• Provide birds with a supply of high fat seed like Nyjer, Peanuts, Black Oil Sunflower Seeds, and Finch Blend to help them stay warm. This is especially important when there is a heavy snowfall. Also consider Winter SuperBlend™, No-Mess Plus and Tree Nutty Plus blends loaded with high-fat, nutrient-rich ingredients to help birds through these long, cold winter nights.
  • Continue to supply fresh water in a heated bird bath or add a de-icer to a frost-proof bird bath to ensure a steady supply of water. To prevent the chance of disease, clean birdbath weekly with a weak bleach solution (1-part bleach to 9 parts water). Rinse well.
  • Store bird food in a sealed container and keep in a cool dry place to prevent spoilage.
  • Install a customized Wild Birds Unlimited bird feeding station where you can easily enjoy the birds it attracts.  It can be installed in the ground or on a deck.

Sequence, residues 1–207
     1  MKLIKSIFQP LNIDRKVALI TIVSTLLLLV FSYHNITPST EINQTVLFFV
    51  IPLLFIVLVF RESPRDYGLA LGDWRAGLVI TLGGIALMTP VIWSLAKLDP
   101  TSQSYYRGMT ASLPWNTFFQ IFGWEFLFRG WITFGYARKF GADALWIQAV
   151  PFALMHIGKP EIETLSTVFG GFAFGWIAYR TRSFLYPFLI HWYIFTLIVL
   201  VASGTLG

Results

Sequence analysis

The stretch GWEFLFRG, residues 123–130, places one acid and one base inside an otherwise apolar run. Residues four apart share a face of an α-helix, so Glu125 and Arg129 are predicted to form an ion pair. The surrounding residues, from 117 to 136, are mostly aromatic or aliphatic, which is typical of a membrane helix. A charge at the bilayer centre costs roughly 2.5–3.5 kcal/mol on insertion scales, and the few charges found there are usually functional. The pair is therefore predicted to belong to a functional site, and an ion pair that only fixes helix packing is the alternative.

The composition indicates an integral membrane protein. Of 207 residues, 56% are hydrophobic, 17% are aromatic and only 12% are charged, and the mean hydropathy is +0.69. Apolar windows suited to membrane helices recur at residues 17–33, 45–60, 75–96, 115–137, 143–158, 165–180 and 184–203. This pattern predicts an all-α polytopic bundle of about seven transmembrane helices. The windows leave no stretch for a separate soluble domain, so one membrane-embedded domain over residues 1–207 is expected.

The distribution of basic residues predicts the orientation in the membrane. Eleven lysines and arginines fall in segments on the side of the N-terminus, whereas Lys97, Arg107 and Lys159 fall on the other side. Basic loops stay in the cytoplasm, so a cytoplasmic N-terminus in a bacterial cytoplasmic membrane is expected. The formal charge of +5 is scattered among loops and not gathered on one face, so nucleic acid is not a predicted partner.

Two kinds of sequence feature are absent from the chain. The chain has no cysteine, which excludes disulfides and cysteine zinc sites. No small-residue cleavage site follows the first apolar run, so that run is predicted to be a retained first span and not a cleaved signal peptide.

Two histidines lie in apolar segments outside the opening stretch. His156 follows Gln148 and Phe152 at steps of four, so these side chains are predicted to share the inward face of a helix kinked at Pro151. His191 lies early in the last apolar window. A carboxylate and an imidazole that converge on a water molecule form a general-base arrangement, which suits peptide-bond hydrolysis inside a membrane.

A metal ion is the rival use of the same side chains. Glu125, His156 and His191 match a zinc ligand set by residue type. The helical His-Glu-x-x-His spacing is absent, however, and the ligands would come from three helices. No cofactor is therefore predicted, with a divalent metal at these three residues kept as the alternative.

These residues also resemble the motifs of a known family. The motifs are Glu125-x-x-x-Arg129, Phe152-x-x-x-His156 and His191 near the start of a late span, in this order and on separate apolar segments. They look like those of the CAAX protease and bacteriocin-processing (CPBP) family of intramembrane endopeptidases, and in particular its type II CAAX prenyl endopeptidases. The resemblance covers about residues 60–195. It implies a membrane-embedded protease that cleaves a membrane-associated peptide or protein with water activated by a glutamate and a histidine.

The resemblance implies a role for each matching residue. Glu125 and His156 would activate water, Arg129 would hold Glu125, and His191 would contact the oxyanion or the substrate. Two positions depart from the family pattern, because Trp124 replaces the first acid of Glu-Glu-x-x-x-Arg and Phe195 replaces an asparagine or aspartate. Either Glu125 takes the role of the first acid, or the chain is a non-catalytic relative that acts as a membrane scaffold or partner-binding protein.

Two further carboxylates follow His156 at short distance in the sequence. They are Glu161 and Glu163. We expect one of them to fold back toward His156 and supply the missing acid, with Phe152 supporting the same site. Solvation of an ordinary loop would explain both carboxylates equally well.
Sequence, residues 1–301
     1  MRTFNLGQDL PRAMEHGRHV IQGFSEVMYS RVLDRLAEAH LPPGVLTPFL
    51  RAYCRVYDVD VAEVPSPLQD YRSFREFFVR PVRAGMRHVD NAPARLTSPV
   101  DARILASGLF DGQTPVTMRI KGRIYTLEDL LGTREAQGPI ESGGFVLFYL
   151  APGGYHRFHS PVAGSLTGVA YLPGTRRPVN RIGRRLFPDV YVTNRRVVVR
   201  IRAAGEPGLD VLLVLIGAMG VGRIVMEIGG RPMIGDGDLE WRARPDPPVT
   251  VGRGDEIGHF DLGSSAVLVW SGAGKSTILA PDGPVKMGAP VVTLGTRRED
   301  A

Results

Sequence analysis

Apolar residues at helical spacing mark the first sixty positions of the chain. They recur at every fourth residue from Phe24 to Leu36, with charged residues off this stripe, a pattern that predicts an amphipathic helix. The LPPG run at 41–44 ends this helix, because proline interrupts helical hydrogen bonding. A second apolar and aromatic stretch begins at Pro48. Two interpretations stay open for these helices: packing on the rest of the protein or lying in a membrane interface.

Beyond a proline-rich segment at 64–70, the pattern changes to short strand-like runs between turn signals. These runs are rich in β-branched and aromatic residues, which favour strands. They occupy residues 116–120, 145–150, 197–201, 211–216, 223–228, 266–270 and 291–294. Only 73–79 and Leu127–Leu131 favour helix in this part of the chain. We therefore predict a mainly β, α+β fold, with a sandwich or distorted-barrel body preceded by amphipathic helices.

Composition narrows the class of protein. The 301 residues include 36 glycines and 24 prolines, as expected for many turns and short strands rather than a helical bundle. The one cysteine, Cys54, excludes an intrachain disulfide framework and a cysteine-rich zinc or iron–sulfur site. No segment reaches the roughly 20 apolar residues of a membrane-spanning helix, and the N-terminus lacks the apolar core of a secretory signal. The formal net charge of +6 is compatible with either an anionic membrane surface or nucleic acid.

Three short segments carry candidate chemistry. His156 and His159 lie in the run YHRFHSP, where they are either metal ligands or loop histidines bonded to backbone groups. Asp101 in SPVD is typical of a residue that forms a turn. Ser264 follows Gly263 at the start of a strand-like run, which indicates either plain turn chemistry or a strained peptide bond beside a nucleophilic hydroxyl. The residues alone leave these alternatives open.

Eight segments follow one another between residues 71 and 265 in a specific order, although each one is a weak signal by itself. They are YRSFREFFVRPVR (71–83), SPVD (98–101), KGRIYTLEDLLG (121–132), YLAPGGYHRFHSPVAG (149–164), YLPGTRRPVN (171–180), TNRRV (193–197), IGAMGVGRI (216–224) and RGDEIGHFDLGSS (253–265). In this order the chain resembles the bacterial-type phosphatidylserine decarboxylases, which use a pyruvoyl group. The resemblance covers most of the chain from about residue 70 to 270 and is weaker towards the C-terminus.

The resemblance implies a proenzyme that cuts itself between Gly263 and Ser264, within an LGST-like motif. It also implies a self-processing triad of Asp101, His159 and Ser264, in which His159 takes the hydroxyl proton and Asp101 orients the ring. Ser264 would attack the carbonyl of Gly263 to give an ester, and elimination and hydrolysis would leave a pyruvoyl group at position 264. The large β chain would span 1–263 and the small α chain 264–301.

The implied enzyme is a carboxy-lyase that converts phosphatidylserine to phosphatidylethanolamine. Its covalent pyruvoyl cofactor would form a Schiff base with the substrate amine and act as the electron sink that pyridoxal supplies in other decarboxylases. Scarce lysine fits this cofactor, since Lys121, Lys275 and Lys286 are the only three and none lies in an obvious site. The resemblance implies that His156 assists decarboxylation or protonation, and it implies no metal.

Indoor Plant Care:

  • Most houseplants require less water and much less, if any, fertilizer, because they slow their growth during their semi-dormant winter period.  Orchids and violets are the exceptions.
  • Monitor houseplants for insect problems that often occur when plants become stressed due to insufficient light, overheated rooms or improper watering and fertilizing techniques.  Isolate new houseplants or gift plants before adding to your existing plants.  Pests to look for include spider mites, scale, mealybugs, whitefly and fungus gnats. Moana recommends Bonide Systemic Houseplant Insect Control, Neem Oil or Insecticidal Soap; use according to their labels.
  • Start seeds for early spring annuals requiring a long lead time before being set out in the garden.

General Garden & Lawn Care:

  • Regularly check plants for signs of damage from ice, snow, wind or animals and lack of winter water.  If the soil has heaved plants out of the ground, push the soil back over the roots and apply a three-inch layer of mulch, leaving a three-inch clearing around the base of the plant to prevent rodents like voles from feeding at the base of the plant.